This post is for those of you subscribing to Spotify, the mega-popular streaming service. Spotify as many companies before them have released multi-platform apps based on web technologies. The desktop app is quite user friendly and pretty, but as it turns out it uses quite a lot of resources. In this post we will see how the good old terminal user interface and a Rust-based daemon can help!
During a typical work day I will stream music for hours at a time, only being interrupted by video meetings and lunch. For all those hours my Spotify app is barely open, mostly to skip songs I don’t like. For this measly work Spotify fires up five processes consuming more than 300MB of memory. All of this just to mostly stay in the background and playing music. Below you see a screenshot of the processes and their memory consumption as reported by MacOS monitor:
I’m not trying to lampoon the Spotify client. All things considered it is very nicely designed and very user friendly. But if you don’t have a lot of memory to go on and/or you don’t really care about the album covers and nice design there is another option. Enter Spotifyd:
Spotifyd streams music just like the official client, but is more lightweight and supports more platforms. Spotifyd also supports the Spotify Connect protocol, which makes it show up as a device that can be controlled from the official clients.
Spotifyd when set up will allow you to stream music and can be controlled from the official clients (say the Spotify app on your phone) or even other clients with support for the spotify connect protocol.
It doesn’t offer a UI of its own and only handles the streaming, playback, and any incoming Spotify connect calls.
It does however do this beautifully and with hardly any impact on your resources.
In my experience it consumes less than
10 MB of memory and very little CPU.
Because it is designed to run in headless mode and consumes very little resources it could very well fit onto an original Raspberry Pi.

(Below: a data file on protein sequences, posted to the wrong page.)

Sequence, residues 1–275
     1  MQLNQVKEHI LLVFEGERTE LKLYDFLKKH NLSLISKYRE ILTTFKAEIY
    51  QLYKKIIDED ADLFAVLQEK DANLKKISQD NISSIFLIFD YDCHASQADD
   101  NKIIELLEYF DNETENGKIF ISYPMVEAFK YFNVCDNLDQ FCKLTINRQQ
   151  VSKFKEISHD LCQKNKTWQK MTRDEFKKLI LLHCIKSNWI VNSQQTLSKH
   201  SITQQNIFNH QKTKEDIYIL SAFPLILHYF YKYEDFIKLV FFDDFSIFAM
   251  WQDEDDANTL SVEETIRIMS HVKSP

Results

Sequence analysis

Now that you have the playback part of Spotify replaced you still might need a user interface. Sure you can use your cellphone, but having to thumb or face-unlock your phone can get tiresome. A good alternative is spotify-tui.
A Spotify client for the terminal written in Rust.
Before grahical user interfaces (GUIs) there were terminal/text user interfaces (TUIs). While GUIs have mostly displaced terminal user interfaces for consumer apps, TUIs still persist especially as code editors and configuration tools. One big advantage of TUIs today are the fact that they run in your terminal and only output text. This allows them to be quite lean as they only need to work with text output. Gone are the embedded browser engines with giant DOM hierarchies, layout engines, etc.
My favorite thing about spotify-tui is the clean design.
There is no disturbing elements and you can use the q, arrow, and enter keys to do most of the navigation in the app.
There is support for themes, and you can configure things like the increment of the volume control, etc.
And as with the Spotifyd daemon the resource usage is marginal, consuming about
13 MB of memory.
Essentially you get the same listening experience with a little over
20 MB of memory consumed by two lightweight processes as you do with
~300 MB of memory spread over five more CPU intensive processes.
That is about an order of magnitude in difference.
If you’re running Spotify on a more memory constrained machine and find yourself using all the memory you might consider using the Spotifyd and Spotify TUI combo.
Spotifyd also gives you the option of building your very own open-source Spotify listening device should you have the appropriate hardware laying about.
Lets hope Spotify does not do something to limit playback to first party clients and partners, because this setup is great!